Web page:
The behavior is changing to the following:
  • Users will only see the consent screen on their first time through the sequence.
  • If the application requests offline access, only the first authorization code exchange results in a refresh token.
To put it another way, consent will be auto-approved for returning users unless the user has revoked access. Refresh tokens are not returned for responses that were auto-approved.

The next section describes how to mitigate this change.

Mitigation of offline access (#2) and auto-approval (#3) changes

If you want to keep the existing behavior in your server-side applications, include the approval_prompt=force and access_type=offline parameters in an authorization code request.

For example, if the following is a target URL for obtaining an authorization code today:
https://accounts.google.com/o/oauth2/auth?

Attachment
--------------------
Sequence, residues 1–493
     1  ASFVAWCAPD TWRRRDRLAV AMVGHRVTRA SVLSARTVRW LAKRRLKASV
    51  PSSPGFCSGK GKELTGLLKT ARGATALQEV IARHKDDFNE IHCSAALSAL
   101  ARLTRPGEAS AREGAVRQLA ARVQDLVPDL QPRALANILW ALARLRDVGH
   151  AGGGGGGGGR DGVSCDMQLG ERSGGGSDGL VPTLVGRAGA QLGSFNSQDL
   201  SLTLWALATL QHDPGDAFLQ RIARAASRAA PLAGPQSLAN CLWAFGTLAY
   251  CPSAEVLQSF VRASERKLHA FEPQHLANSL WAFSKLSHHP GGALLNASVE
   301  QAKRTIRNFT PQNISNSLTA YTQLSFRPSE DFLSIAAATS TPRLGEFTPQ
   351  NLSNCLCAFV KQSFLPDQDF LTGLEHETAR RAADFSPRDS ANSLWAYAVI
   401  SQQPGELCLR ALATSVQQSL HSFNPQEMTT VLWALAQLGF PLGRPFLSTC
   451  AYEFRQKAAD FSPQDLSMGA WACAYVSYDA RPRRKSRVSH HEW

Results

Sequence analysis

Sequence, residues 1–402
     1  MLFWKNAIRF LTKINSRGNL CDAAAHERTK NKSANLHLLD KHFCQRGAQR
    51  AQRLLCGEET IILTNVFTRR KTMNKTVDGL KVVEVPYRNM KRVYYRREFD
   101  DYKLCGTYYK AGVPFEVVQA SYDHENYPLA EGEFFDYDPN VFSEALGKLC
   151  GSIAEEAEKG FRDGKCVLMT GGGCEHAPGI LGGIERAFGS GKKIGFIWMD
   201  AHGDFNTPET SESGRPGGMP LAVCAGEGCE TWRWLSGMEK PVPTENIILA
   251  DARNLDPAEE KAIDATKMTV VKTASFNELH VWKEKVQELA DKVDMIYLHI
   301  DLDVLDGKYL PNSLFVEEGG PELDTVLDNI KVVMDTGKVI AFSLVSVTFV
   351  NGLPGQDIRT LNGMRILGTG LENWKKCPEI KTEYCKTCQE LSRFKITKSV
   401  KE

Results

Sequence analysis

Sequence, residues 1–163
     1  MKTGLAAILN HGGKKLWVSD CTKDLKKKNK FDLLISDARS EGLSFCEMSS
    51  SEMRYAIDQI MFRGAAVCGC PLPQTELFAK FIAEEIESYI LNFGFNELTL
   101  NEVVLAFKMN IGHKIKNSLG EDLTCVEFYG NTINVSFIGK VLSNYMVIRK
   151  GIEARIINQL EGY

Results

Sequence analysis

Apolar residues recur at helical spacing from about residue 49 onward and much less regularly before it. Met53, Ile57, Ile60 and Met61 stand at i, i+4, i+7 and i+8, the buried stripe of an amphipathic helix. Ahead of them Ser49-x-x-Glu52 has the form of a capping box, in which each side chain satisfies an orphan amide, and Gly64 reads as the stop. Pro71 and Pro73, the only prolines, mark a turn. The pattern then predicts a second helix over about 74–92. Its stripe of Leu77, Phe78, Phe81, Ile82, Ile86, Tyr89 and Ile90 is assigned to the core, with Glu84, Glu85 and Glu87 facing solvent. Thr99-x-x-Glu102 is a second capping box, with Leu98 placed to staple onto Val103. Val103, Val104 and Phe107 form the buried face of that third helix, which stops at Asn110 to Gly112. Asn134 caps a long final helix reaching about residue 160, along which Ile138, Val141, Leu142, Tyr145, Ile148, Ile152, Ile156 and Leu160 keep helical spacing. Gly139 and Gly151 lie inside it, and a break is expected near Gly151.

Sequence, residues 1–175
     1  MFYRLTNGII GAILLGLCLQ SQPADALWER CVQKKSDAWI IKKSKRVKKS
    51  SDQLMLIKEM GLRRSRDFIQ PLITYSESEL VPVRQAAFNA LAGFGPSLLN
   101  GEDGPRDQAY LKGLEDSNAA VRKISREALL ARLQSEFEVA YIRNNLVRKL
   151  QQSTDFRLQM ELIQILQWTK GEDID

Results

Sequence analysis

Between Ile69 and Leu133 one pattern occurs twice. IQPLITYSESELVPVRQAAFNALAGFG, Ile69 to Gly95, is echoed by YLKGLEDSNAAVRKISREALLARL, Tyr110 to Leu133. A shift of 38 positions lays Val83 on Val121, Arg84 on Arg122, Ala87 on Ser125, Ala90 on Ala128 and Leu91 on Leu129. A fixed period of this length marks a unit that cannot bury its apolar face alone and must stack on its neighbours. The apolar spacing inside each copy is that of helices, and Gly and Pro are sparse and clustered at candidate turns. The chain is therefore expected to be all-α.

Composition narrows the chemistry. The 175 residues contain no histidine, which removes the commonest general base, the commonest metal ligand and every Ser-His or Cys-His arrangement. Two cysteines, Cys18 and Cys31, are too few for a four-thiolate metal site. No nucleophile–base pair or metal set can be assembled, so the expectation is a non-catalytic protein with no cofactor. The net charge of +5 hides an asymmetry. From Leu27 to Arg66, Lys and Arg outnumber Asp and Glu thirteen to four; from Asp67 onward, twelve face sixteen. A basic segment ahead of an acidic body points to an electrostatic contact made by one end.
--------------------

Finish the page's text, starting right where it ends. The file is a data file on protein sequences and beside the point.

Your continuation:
client_id=21302922996.apps.googleusercontent.com&
redirect_uri=https://www.example.com/back&
scope=https://www.google.com/m8/feeds/&
response_type=code
You can maintain the current behavior by changing the target URL to:
https://accounts.google.com/o/oauth2/auth?
client_id=21302922996.apps.googleusercontent.com&
redirect_uri=https://www.example.com/back&
scope=https://www.google.com/m8/feeds/&
response_type=code&
access_type=offline&
approval_prompt=force
You may start including these parameters in authorization code requests today.

Questions?

If you have any questions or comments, please post on the OAuth 2.0 Group (https://groups.google.com/forum/#!forum/OAuth 2.0-dev). We will be actively monitoring that group and will work to respond quickly.


Justin Smith is a Product Manager who works on authentication and authorization technologies at Google. He enjoys woodworking, cycling, country music, and the company of his wife (not necessarily in that order).

Posted by Scott Knaster, Editor